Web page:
Whilst I was reading The Red Men, I was given the difficult task of explaining the plot to a man who, by his own admission, did not read ‘sci-fi stuff’ and was unimpressed that this novel had been shortlisted for the Arthur C. Clarke Award in 2008. My summary of the background premise appeared to confirm his prejudice: in the near future, a British technology company called Monad has harnessed the powers of an enormous, nebulous artificial intelligence named Cantor, who is able to occupy the bodies of purpose built robots, called Dr. Easys, which act as a sort of hybrid of policemen, social workers and punchbags of the people. Monad also uses Cantor to scan individual human beings, assimilating their personalities, their pasts, their emotions and their actions, and uploads the information into the Monad mainframe to create virtual reality simulations of people – the eponymous red men. At this point, I was interrupted. “The problem with these sci-fi guys,” my companion said, “is that they’ve got good ideas but they can’t write and they’re obsessed with robots.”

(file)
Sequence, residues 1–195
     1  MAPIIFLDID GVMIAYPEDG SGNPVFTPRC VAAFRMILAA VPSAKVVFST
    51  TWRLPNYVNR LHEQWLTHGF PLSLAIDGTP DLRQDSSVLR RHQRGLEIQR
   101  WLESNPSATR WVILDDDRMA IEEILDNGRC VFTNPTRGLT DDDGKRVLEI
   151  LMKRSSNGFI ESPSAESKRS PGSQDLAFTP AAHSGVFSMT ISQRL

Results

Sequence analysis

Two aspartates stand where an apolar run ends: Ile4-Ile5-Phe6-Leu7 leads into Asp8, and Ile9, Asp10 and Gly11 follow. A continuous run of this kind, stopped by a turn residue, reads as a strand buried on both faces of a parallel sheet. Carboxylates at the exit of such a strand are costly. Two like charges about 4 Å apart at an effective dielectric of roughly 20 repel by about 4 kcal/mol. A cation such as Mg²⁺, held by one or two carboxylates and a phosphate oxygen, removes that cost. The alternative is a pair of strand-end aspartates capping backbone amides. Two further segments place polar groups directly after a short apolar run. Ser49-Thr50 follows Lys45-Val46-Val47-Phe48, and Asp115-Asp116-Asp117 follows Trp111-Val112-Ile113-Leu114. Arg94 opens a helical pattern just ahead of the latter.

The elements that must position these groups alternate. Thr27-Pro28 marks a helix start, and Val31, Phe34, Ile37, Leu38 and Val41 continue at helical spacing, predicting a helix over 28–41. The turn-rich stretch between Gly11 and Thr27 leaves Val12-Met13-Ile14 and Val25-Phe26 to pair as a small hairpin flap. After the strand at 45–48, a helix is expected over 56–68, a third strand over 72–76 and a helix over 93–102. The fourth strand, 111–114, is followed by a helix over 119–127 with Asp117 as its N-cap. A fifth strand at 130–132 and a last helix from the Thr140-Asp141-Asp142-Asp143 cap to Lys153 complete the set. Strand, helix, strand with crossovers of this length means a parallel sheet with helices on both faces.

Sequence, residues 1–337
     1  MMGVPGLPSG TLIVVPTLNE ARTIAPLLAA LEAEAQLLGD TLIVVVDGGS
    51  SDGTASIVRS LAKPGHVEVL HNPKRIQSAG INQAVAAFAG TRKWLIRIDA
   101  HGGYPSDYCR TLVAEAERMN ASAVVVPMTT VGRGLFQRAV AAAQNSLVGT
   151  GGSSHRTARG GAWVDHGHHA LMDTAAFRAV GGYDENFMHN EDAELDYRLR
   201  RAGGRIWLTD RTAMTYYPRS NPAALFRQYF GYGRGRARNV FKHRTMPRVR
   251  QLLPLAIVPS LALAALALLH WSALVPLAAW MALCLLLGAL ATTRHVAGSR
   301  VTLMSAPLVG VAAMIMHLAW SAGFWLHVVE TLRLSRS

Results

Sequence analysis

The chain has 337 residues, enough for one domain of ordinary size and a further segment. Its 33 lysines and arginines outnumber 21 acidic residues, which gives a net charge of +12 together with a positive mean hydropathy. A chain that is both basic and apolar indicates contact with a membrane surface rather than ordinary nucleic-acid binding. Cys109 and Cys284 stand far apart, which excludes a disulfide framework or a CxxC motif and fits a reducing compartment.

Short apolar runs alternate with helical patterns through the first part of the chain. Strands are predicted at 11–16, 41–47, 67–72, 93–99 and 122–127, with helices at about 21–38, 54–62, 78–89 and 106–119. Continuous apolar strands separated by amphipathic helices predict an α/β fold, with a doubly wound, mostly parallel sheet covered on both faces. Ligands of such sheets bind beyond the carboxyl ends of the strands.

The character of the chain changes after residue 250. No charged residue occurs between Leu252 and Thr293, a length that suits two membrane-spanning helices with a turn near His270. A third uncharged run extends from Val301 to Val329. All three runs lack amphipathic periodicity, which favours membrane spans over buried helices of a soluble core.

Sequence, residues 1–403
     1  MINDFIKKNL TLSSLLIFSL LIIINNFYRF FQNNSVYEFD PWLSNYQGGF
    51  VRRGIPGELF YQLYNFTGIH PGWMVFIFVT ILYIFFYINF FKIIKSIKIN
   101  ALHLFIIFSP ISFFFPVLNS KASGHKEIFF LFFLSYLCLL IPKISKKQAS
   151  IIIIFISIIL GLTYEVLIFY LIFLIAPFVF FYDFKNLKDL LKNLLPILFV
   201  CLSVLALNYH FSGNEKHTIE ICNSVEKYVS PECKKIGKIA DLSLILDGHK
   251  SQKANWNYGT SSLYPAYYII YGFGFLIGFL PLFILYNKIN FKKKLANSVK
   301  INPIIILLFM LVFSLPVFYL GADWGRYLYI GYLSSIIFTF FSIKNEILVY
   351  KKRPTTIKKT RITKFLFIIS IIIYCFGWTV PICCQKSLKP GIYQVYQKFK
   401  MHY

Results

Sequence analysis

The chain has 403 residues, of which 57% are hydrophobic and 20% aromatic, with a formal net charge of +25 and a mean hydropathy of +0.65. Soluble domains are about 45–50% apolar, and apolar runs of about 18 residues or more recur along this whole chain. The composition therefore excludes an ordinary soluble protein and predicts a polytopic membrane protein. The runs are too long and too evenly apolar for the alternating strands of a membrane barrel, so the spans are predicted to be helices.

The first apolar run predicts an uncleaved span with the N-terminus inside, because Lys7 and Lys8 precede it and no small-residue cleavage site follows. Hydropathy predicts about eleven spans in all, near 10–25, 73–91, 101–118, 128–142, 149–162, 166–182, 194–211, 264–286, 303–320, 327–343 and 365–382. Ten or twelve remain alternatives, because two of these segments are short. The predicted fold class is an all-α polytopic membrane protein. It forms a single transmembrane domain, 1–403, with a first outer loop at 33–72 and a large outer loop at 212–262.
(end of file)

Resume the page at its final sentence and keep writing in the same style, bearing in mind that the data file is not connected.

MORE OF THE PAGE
He was wrong on both counts. Yes, I will concede, this is a novel about robots and AI. But between the surprising, faintly disorientating lyricism and the enthusiastic intellectual engagement with academic and traditional interpretations of the human mind, an inescapable question arose – is it the ‘sci-fi guys’ alone that are ‘obsessed’? In The Red Men, the artificial simulations are used as a mixture of personal assistants, like iPads with backchat, and guinea pigs for reality; they eventually diverge from their personalities of origin, becoming harder, tougher, faster, crueller, cleverer, quicker – less human. In popular role-playing games such as World of Warcraft, the Sims and Second Life, an individual can create an avatar of themselves corresponding to the idealised vision of that self, shorn of human foibles, in a fully realised and sustained alternate reality. On the all-pervasive platforms of Facebook, Twitter and blogs, people are editing themselves, recreating themselves, reporting on themselves, wholly dissimulating themselves around the internet. Matthew de Abaitua challenges the expanding enactment of modern culture through social media and its devices by taking it to its furthest extreme, and that’s only one of the issues he grapples with in this extraordinarily well-written, intelligent and meticulously researched work.